This is Captain Lynn Barton who will make aviation history by piloting the first flight into Heathrow Terminal 5 when it opens for business on Thursday.
Her Boeing 747 - flight number BA026 - carrying 350 passengers will arrive at the £4.3billion terminal from Hong Kong at 4.50am.
Captain Barton, 51, who became British Airways' first female pilot in 1987, is "absolutely thrilled" at being chosen for the job.
She applied to operate the inaugural T5 flight last month while she was on holiday in Barbados.
"It was my husband's idea to bid for the flight but the timing meant I had to tear myself off the beach to find a computer so that I could apply for the airline's flight-bidding system," she said. "I never thought I'd be in with a chance of actually getting the flight."
She had to wait, however, until she returned to Britain to find she had won it. "I was absolutely thrilled. T5 has been the focus of the airline's future for several years now and to operate the first flight is a huge honour. I can't wait."
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Women pilots: A weapon to be used
by Airman 1st Class Erica Stewart
36th Operations Group Public Affairs
3/24/2008 - ANDERSEN AIR FORCE BASE, Guam (AFPN) -- "This is not a time when women should be patient. We are in a war and we need to fight it with all our ability and every weapon possible. Women pilots, in this particular case, are a weapon waiting to be used," said Eleanor Roosevelt, former first lady of the United States.
These words, spoken in 1942, were proven true when the Women Airforce Service Pilots were founded and played a pivotal role in World War II.
That statement again holds true today with many female Air Force pilots deploying around the world, proving to be an invaluable weapon in the war on terrorism.
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Women engineers inspire young people at Attleboro museum forum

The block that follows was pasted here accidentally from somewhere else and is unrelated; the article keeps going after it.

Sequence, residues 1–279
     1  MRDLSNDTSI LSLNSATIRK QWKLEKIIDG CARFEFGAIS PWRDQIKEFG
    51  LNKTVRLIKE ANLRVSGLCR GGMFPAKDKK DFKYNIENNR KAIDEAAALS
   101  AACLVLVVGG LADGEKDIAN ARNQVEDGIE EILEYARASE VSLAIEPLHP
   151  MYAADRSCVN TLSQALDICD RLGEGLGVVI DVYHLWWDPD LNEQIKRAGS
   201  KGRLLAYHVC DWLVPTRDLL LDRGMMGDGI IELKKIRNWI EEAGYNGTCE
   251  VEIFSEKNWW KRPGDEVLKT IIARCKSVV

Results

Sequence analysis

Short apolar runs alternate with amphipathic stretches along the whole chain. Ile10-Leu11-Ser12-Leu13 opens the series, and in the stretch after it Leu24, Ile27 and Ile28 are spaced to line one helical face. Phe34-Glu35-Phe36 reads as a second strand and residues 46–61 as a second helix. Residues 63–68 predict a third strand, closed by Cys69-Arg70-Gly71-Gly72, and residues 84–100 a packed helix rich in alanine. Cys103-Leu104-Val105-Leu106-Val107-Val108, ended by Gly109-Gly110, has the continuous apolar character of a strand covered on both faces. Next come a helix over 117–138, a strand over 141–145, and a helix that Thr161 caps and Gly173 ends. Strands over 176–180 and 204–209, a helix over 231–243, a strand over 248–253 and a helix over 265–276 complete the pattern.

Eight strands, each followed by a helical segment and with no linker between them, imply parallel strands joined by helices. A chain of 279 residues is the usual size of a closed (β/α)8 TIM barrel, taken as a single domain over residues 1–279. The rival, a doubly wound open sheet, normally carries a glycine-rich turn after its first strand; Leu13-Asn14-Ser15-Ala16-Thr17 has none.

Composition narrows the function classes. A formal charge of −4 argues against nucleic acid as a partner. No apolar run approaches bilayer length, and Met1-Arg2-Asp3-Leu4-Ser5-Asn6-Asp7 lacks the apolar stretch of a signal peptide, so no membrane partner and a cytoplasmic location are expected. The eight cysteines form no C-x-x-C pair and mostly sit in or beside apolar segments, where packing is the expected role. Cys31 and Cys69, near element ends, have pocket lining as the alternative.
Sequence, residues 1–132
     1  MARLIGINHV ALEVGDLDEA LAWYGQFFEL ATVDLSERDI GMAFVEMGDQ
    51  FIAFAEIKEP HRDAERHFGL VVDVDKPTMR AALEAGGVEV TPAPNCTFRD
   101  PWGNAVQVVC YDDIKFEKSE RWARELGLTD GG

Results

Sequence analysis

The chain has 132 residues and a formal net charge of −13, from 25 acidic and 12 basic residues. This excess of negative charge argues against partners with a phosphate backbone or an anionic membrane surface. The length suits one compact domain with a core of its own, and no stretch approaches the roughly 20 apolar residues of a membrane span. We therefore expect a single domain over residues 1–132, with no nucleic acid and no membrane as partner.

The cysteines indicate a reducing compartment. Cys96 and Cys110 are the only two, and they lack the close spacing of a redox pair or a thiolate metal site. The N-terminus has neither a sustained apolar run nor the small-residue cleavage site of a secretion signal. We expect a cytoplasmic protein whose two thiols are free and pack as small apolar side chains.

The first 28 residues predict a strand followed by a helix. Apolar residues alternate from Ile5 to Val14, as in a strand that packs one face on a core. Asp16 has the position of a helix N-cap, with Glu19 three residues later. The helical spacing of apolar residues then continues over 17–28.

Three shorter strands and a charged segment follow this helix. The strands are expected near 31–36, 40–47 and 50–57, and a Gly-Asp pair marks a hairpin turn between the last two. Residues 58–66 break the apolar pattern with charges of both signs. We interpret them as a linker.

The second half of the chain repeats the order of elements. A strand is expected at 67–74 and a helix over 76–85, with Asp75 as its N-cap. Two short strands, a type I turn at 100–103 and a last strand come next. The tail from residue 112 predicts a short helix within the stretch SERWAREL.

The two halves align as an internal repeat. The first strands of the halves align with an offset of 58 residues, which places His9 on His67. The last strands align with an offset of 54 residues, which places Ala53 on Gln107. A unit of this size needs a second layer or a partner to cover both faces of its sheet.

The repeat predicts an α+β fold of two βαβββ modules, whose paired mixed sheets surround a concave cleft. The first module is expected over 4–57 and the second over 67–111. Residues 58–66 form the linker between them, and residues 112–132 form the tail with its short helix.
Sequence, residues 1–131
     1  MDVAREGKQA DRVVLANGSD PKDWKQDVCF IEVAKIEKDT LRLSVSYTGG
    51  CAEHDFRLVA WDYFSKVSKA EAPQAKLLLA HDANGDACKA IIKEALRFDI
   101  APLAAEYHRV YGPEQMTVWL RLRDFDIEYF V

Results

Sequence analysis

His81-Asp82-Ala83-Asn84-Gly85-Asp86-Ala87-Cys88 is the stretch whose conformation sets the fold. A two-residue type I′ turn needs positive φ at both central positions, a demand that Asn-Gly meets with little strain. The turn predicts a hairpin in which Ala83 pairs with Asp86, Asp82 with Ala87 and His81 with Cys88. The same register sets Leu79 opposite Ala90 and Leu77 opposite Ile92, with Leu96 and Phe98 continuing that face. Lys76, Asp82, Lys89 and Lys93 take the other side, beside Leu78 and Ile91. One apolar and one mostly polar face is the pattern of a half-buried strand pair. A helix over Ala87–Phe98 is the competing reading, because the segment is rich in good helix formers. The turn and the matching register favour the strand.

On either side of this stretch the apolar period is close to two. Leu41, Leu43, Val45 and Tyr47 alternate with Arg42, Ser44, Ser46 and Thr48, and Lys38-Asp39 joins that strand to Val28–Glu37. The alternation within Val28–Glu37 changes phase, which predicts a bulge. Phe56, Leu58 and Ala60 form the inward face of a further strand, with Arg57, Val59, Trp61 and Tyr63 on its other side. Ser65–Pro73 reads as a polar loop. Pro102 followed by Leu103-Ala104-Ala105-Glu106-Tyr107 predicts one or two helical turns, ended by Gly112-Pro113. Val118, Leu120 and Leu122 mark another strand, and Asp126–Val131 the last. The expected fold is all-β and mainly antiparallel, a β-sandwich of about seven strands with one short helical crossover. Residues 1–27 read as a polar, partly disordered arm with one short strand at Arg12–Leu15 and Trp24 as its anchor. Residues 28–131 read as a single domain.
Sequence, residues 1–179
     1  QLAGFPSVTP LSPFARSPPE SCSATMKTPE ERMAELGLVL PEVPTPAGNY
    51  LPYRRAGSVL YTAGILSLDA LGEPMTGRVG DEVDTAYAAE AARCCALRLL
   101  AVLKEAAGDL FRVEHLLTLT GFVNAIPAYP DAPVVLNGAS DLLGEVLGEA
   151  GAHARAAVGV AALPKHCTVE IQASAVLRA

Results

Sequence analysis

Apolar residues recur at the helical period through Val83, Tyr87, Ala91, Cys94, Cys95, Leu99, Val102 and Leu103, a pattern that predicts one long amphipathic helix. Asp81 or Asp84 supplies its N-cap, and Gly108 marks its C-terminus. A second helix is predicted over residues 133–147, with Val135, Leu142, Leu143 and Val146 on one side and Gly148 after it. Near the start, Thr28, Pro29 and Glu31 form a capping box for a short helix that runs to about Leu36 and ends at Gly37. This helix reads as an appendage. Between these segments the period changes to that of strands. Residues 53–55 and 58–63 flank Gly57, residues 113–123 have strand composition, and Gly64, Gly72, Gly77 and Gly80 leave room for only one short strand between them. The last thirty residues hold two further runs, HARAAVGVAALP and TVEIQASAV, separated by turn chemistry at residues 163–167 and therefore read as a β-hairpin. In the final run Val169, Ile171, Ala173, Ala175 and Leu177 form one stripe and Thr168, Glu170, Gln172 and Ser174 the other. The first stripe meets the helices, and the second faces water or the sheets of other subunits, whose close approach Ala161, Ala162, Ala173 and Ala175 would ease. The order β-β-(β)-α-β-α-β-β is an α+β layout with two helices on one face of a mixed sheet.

ATTLEBORO -- Ten-year-old Savanna Nelson said she thinks computer animation is "cool" and something she wouldn’t mind exploring.
Nicole Choiniere, 11, a fellow student at Community School in North Attleboro, said she really liked hearing a woman’s story about her career as an engineer working on radar in connection with space and her friend, a female astronaut.
Katherine Pariseau, a freshman at Bishop Feehan, is pondering engineering as a career, possibly computer or mechanical engineering.
The young women were among roughly 40 people — about half of them girls — to attend the "Envision Engineering" forum last week at the Women At Work Museum on Country Street
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Air Force Portal Website BEIJING (Xinhua): China’s air force is to recruit 30 female pilot cadets this year. They will become part of a reserve force of women astronauts, according to an officer in charge of pilot recruitment. ...
I present only this paragraph, because each time I click on the link that is supposed to take me to this news page, I end up either at Google or Amazon. I can only assume, therefore, that the Chinese government doesn't want people accessing this webpage.